Enter Steve Sando and Rancho Gordo. I first met Steve and enjoyed his remarks at a blogging workshop during the International Association of Culinary Professionals annual conference a couple of years ago (in fact, it was Steve and Pim of Chez Pim who helped me conquer my reservations--or cancel my reservations?--and get a food blog going. Thanks, you two!). In addition to the entrée on blogging, I learned about Steve's lovely heirloom beans and decided I really should give dried beans a second chance (what's all this about "give peas a chance" anyway?)

I mulled over which ones to fix first (I got crazy and bought three bags at Cube in L.A. last week). Borlotti? ooh, love that sexy Italian name. Yellow Indian Woman? They look good, but the name suggests confused and perhaps politically incorrect associations. Yellow Eye? Well, that's a symptom of jaundice, but, what the hey? I think the Yellow Eyes could use a little love today.

Into the cast iron pot went the Yellow Eyes, along with onion, carrot, celery, chicken stock, a few herbs from the garden and a fresh bay leaf from my new bay laurel tree (woo-hoo!). I included some chopped leek, since it makes everything it goes into velvety and lush, and I figured leeks certainly couldn't diminish a pot of beans. And I tossed in a hunk of hog jowl I'd stuffed into my suitcase when I returned from Memphis after Christmas.

Because they were not bagged in the Eisenhower era, Steve's beans cooked up beautifully, without having to be soaked. (That has always been one of my problems with dried beans--you had to have the forethought to put them in to soak the night before you wanted to eat them; then you had to be able to put together a future-dinner early the next day, so it could cook while you were at work. Dried beans were never a food I could enjoy on a whim.). The Yellow Eyes came out tender, with none of the mealiness that characterizes my usual best efforts at cooking any dried legume. And they were flavorful, thanks to both the freshness of the beans (I think dried beans that are past their prime get a little stingy with their flavor) and the addition of smoky pork product, which makes everything better.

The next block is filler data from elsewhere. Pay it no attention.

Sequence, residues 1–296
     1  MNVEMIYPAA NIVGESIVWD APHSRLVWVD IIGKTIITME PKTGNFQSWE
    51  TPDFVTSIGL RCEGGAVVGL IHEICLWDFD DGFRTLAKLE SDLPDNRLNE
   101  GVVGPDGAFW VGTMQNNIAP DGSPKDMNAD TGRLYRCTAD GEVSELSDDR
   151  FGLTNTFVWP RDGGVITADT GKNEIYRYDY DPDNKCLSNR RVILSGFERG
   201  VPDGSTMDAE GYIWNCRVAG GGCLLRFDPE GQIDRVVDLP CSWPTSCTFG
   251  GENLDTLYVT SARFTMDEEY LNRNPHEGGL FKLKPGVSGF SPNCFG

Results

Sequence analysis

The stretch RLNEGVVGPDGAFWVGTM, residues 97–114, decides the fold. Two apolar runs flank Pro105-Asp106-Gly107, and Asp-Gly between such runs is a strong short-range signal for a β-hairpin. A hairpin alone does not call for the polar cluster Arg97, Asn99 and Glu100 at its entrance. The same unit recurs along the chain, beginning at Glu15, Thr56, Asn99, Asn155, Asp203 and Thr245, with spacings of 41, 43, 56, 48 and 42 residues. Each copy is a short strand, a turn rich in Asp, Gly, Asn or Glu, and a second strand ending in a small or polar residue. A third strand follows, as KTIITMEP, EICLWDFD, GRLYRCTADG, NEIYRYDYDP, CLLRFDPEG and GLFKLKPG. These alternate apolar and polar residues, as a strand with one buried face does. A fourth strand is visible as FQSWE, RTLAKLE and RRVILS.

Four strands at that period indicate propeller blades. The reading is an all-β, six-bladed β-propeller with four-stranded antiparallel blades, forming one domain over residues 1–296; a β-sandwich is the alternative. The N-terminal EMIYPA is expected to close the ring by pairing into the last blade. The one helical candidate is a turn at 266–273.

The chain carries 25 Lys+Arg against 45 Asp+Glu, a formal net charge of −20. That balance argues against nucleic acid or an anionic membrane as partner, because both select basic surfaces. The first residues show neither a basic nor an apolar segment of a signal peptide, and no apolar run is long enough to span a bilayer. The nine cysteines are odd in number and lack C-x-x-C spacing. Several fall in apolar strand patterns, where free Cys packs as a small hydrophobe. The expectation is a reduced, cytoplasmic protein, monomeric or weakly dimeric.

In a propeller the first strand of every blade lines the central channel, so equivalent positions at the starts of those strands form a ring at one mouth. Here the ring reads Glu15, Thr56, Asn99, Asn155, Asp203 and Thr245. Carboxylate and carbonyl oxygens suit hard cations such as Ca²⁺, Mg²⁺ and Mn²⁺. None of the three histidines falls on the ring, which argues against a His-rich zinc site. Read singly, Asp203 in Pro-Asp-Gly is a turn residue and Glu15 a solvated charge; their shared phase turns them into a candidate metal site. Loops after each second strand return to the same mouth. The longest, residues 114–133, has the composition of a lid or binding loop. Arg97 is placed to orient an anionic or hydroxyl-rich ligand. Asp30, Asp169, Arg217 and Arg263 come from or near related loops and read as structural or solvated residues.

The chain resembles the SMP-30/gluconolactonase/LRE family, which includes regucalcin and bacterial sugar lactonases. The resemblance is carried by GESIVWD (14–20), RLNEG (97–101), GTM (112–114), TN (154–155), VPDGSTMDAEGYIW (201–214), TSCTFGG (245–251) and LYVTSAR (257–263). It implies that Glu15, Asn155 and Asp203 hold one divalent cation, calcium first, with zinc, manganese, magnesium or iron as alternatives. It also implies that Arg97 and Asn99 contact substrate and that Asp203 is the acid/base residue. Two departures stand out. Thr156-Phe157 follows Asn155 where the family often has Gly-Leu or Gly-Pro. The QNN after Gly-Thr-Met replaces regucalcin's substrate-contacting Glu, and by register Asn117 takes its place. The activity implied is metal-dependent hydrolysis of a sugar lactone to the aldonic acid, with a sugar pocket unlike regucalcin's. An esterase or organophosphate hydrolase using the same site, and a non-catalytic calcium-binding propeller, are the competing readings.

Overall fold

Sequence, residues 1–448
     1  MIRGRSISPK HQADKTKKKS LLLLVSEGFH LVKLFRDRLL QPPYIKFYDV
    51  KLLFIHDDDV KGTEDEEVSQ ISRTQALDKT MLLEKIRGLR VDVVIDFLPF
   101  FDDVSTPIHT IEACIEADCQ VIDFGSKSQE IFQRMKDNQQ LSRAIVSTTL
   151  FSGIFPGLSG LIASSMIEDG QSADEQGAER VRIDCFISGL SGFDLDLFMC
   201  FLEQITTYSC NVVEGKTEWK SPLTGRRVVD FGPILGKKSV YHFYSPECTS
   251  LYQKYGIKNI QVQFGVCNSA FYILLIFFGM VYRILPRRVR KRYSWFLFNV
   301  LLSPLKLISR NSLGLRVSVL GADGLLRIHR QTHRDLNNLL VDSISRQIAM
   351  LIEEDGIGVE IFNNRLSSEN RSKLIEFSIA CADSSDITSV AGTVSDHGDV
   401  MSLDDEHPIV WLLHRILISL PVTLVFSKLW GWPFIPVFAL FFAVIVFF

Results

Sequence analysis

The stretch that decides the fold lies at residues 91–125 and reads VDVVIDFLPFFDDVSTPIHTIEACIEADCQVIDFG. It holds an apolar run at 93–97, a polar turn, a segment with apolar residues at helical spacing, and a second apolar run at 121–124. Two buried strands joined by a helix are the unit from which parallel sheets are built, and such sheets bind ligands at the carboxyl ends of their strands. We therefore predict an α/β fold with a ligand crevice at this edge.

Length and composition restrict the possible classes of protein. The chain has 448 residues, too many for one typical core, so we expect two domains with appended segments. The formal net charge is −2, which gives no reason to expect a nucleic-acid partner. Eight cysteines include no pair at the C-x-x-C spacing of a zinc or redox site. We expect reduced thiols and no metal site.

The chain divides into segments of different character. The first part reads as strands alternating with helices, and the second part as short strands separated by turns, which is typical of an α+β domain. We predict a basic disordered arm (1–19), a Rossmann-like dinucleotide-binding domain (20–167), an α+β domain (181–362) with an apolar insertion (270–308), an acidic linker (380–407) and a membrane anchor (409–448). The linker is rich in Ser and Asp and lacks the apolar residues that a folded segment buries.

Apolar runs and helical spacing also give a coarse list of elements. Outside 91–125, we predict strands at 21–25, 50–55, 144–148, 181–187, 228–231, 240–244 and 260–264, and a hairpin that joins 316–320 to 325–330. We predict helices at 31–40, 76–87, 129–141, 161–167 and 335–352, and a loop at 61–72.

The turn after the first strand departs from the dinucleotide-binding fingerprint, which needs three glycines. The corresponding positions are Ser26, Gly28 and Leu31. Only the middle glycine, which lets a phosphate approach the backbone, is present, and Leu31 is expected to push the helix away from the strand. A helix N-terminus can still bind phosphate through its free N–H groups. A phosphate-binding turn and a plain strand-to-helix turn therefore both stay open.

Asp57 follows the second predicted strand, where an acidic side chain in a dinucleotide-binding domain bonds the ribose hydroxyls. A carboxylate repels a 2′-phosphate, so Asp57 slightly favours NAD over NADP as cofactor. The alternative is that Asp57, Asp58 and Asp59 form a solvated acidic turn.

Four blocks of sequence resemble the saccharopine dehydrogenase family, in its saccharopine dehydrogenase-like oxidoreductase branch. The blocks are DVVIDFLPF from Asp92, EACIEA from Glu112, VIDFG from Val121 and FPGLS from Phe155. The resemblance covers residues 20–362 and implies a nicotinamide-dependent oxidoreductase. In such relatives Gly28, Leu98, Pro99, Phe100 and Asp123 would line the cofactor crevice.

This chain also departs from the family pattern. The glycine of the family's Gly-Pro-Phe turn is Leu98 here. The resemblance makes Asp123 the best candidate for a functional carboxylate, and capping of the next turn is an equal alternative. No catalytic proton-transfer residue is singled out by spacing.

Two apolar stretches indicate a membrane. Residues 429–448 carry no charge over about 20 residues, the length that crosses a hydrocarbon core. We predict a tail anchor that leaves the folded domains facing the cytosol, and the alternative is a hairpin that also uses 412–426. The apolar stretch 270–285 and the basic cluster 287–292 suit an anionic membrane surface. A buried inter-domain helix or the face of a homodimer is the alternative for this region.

I guess the lesson then is "Know your bean." Knowing the source of the beans certainly helped.

Speaking of beans, congrats to Ken Albala for snagging yet another award, this one the Cordon d'Or in Food Literature/History, for his book, Beans: A History, which remains partially read on my bed stand (there's quite a stack there--I read a few pages of each every night, so it takes me forever to finish a book). Reading Beans is almost as much fun as listening to Ken wax poetic and geeky over a beer about a subject he knows well and is clearly passionate about. Who knew beans could be such a fascinating topic? or that they could be tied so tightly to both the life and the death of Pythagoras? Before the word "vegetarian" came into use, non-meat eaters were called Pythagoreans. Fancy that...

I'd have to say I don't really know beans about beans, but with the help of Steve and Ken, I'm learning. Thanks, guys!

Tuesday, March 3, 2009

Sometimes It's Best Not To Ask Why

I have no idea why I did this, why I created it, why I took a picture of it
or why I decided to put it on my blog.